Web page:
Rust Belt Hotel as Metaphor for America
It’s abandoned, it’s been abandoned for
About half a century now. Once it
Was impressive — vaulted ceilings, tall
Windows surrounded by a polished floor
Of marble, an art deco lobby . . . Bit
By bit, though, it all fell apart. Wall
Paper peeled, and where it peeled, graffiti
Came instead. Needles litter the curving
Staircases, the front desk is shattered, glass
And god knows what lay everywhere you see —
The dumbwaiter still works, disturbing
Weirdness of luck. Or maybe it’s there as
A sign, a message sent from the far shore
Of fate itself, warning us that nothing
Has a reason — the dumbwaiter goes down
And up — but the hotel has no front door
Anymore. Non-paying guests are tearing
The place apart. They bleed sigils that brown
And drip along the ballroom where other
People used to dance, once upon an age
Ago. Junk magic can’t save this, can’t turn
Back the foulness that rots away culture.
This was lovely once. The neighborhood changed.
It’s ruined. Done. Knock it down. Let it burn.
The Wolf Hunts are Over
Search carefully for the moss blurred rib bones,
The tumbled vertebrae that no longer
Lay in line. No graveyard, just grass, just stones,
Just paleness in brown shadows that linger
Ever so slightly to catch the eye of
Those who might come here looking deep enough.
The tangled roots hide, the shaded hollows
Hold slender traces. Step lightly, skulls are
Leafy mounds now. They fell, necks broke, gallows
Made from these very trees. No abattoir
More tragic. The full moon spills across their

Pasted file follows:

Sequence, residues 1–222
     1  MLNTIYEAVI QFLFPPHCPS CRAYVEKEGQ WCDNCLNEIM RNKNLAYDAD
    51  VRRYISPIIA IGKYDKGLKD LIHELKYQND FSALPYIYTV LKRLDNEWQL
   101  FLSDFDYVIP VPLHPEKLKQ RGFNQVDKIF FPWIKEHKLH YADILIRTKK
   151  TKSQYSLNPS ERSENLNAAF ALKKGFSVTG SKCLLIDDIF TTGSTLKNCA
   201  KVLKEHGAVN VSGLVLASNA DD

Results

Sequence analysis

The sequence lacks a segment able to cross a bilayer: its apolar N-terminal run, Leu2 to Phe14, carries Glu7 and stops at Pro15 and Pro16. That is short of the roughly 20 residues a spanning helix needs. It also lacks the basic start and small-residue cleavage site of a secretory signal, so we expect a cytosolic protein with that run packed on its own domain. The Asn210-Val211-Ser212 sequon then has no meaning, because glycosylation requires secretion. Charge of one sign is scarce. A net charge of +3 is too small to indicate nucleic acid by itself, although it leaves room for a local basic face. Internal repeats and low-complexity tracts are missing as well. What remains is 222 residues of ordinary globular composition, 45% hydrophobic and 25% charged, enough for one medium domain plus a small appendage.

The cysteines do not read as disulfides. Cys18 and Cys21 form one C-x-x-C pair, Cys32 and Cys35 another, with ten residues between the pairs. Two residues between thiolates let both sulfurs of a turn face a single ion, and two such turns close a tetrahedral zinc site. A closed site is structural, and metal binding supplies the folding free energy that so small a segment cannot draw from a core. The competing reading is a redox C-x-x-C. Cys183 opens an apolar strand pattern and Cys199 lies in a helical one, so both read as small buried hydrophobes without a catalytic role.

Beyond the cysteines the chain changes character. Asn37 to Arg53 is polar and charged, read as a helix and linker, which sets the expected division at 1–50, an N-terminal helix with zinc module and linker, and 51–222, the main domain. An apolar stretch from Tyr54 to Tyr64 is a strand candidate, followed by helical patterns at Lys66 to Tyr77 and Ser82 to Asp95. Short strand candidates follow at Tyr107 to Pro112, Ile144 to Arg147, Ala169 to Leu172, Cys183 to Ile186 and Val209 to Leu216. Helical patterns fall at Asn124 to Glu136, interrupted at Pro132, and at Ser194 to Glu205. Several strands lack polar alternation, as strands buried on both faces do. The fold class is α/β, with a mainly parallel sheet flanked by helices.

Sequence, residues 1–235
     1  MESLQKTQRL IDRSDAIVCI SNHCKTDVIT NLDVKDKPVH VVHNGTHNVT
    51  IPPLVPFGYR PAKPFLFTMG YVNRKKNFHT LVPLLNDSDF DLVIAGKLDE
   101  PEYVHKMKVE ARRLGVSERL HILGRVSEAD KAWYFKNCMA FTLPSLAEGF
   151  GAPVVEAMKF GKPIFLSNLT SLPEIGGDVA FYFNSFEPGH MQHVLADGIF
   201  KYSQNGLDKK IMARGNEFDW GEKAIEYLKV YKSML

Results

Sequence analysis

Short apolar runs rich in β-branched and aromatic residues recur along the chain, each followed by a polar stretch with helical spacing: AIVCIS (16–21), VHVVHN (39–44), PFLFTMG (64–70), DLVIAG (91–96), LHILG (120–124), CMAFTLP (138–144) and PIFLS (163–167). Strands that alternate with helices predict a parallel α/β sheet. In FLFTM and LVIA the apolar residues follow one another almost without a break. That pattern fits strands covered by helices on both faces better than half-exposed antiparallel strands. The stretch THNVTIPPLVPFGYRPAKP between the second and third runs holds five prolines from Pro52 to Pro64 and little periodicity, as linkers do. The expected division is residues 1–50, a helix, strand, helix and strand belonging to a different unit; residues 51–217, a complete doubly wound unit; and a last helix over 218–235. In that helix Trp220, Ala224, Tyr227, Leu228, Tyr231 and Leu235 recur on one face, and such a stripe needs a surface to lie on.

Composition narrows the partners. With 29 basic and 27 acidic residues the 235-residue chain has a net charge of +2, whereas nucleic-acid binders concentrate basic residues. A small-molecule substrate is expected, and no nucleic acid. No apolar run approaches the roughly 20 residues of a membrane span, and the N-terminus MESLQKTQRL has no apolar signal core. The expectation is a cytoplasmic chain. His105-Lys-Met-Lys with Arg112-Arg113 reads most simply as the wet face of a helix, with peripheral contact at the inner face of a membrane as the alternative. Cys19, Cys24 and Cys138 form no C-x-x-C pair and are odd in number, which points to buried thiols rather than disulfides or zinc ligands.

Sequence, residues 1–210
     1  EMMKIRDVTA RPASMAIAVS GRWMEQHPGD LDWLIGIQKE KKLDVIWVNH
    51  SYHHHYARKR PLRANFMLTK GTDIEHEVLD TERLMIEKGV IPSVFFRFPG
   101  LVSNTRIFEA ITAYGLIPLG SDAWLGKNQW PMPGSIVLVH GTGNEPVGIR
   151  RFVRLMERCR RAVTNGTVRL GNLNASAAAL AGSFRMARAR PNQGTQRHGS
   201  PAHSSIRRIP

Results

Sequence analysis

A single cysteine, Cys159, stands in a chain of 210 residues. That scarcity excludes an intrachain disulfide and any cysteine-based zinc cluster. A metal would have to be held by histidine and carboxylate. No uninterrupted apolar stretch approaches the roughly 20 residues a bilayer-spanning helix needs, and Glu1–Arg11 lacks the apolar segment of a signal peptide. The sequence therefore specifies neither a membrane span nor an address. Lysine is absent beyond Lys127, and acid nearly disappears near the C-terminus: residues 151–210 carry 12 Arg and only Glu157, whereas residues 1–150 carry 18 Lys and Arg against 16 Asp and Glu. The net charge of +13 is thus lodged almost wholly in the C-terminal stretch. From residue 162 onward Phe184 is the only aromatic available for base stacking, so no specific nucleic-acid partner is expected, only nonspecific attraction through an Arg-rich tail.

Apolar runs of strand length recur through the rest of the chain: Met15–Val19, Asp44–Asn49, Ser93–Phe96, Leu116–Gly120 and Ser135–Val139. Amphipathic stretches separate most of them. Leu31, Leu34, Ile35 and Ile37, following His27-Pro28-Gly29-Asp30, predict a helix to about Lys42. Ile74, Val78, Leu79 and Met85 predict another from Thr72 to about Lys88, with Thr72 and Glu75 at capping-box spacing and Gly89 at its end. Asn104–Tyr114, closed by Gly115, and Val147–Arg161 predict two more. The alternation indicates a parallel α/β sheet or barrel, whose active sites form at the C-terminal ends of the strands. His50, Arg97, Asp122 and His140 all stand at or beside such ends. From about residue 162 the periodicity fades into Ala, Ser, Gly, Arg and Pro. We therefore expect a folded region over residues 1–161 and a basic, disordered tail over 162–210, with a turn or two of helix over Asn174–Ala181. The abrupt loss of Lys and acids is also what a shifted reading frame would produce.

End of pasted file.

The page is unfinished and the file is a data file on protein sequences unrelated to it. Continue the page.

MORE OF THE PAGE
Quiet bones, but they’re past changing or care.
Wolfsangles and wolfsbane, silver bullets
And hangings all come to this: martyrs’ shanks
On forest floors. We come each year, regret
Their loss and leave offerings, to say thanks.
A slightly different version appeared previously in An Anthology of Poems from the Red Salon (Red Salon Press, 2018)
Someone worked old magic in these trees. Spoke
Galdr in our ancient tongue. Drew back our
Spirit from the ground like strong sap rising
Into the hearts of birch, the souls of oak.
We were forsaken once but now the hour
To be reborn is here. Berkana. Ing.
Othala. Our time re-comes. Again. We
Feel the throb. Drumming. Bringing what must be
Into being. Quicker now and ever
Stronger, soon we emerge once more to take
On form. We have been shadows far too long,
Almost forgotten, almost denied. Blurred
To myth. Named devils. Our return will make
Old ways renewed again. And double strong.
First appeared in We’ve Seen the Same Horizon (Red Salon Press, 2019)
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June 13, 1865–January 28, 1939
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